Spirit AeroSystems Holdings , a supplier of parts to Boeing Co and Airbus , on Tuesday said it plans to divest its Oklahoma operations, including sites in Tulsa and McAlester, in a bid to improve operations and drive down costs.
The company also delayed its quarterly earnings report, due for release on Tuesday, and said it expects to record a big charge. Its shares sank 5 percent in morning trading.
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Spirit, based in Wichita, Kansas, makes critical parts for popular planes such as the Boeing 737 and Airbus A320 as well as wing parts for Bombardier and Gulfstream business jets. Cost overruns have hurt profitability in recent years.
Spirit said it expects to take a pretax charge of $350 million to $400 million against second-quarter results related to anticipated cost increases from 2014 to 2021 in Gulfstream business jet programs.
The Oklahoma operations slated for divestiture employ 3,000 workers, nearly 20 percent of Spirit's total workforce of about 16,000. The facilities supply wing structures and parts for Boeing planes.
Reuters reported on July 26 that British aerospace and car parts maker GKN Plc was interested in buying a Spirit wing factory in Tulsa, citing three people familiar with the matter.
The Oklahoma operations have been the source of much of the cost overruns that have resulted in charges for Spirit in recent years, according to analysts.
"If they were successful in divesting that facility, a lot of the write-off exposure would in fact go away," said Michael Callahan, vice president of equity research at Topeka Capital Markets.
The proposed sale of the Oklahoma operations comes as Larry Lawson, a former Lockheed Martin executive named Spirit chief executive in March, reviews the company's operations. Late last month, Spirit announced it was laying off about 360 workers in Kansas and Oklahoma to cut costs.
The delayed second-quarter results and the expected charge may indicate that Spirit's operational challenges are not behind it, one analyst said. In postponing its quarterly report, Spirit said auditors had not finished their review.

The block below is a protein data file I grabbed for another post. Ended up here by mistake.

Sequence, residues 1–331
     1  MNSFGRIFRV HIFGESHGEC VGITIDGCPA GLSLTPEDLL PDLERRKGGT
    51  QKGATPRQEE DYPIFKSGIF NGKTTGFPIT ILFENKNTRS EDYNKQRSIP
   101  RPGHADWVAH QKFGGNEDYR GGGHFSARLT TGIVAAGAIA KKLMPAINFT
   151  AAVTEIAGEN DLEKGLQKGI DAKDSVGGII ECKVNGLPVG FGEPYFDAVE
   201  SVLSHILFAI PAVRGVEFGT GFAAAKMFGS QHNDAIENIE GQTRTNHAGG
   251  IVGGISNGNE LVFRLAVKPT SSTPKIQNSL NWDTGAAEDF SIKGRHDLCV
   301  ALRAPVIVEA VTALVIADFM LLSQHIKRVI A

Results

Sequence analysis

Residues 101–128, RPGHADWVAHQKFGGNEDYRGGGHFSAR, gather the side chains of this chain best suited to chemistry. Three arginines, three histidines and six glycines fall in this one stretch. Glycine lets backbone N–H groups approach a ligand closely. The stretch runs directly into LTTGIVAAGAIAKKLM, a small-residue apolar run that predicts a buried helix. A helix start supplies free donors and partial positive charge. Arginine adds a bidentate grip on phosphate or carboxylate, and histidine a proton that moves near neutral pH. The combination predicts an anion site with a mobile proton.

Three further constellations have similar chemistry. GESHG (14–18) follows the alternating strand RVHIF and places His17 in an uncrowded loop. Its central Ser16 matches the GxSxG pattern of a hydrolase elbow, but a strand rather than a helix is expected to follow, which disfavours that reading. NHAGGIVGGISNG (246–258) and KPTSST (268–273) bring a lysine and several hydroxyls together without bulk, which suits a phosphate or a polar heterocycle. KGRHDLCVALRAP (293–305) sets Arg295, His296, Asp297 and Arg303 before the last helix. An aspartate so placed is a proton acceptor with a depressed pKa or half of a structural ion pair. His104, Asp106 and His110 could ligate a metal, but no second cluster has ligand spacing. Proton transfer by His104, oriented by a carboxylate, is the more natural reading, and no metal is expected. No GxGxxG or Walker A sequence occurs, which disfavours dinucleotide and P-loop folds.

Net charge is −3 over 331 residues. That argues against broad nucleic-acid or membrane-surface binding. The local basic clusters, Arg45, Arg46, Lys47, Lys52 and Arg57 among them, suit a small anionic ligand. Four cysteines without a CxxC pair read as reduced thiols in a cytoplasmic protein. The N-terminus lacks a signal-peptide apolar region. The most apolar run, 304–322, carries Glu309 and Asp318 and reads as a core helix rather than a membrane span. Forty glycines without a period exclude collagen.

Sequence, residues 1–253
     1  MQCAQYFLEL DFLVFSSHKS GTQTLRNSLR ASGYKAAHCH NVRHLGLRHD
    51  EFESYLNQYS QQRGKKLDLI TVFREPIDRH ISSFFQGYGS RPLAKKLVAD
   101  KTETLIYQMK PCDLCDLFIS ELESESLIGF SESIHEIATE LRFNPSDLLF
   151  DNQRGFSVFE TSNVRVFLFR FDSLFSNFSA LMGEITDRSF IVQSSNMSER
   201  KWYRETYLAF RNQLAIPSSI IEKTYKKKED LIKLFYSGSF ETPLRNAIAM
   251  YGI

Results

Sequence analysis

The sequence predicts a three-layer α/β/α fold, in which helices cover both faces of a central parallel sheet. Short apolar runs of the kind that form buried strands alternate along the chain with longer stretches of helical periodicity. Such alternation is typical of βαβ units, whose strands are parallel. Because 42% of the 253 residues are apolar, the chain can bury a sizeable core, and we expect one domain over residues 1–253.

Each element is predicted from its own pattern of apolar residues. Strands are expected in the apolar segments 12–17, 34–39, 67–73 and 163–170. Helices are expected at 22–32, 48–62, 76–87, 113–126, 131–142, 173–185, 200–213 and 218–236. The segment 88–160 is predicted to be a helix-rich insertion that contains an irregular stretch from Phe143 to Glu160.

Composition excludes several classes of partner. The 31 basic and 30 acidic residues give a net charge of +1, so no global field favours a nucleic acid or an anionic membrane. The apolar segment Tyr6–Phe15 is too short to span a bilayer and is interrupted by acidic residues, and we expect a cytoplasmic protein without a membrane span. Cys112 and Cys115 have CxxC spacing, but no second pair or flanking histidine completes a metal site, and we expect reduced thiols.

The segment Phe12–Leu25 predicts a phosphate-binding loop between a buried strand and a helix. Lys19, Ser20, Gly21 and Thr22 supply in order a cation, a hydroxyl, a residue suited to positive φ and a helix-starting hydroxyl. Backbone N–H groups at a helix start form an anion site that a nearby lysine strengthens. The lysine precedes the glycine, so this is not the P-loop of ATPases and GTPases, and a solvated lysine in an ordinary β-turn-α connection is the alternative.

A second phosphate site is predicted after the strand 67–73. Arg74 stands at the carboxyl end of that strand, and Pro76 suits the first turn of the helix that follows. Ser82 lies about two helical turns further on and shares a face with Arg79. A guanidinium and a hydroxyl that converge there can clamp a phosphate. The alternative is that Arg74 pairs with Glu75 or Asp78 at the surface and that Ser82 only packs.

"With a new CEO, optimism had been growing that Spirit really was a turnaround story this time," RBC Capital Markets analyst Robert Stallard said in a note to clients. He said the news of the earnings delay and expected charge "are likely to again test investors' patience and willingness to keep believing that this is the last time Spirit will do this."
Selling the Oklahoma operations won't be easy, analysts said.
"It would be kind of difficult to find a buyer who's really willing to really put up a significant price because (the unit is) operating at a pretty significant loss and is somewhat of an unknown liability as far as how far the cost overruns might reach," said Callahan.
On Monday, the Society of Professional Engineering Employees in Aerospace (SPEEA) union sent a letter to Spirit's board expressing concern that outsourcing and layoffs were hurting work quality and productivity. The letter said union contract provisions were being reinterpreted in ways not explained.
"We are concerned that management is steering the company into a death spiral," the letter said.
In response to the union letter, Spirit said on Tuesday it had previously explained reasons for the layoffs and had nothing else to add.
Shares of Spirit were down 5.3 percent, or $1.36, at $24.43 in morning trading.
(Reporting by Karen Jacobs in Atlanta; Editing by Gerald E. McCormick and John Wallace)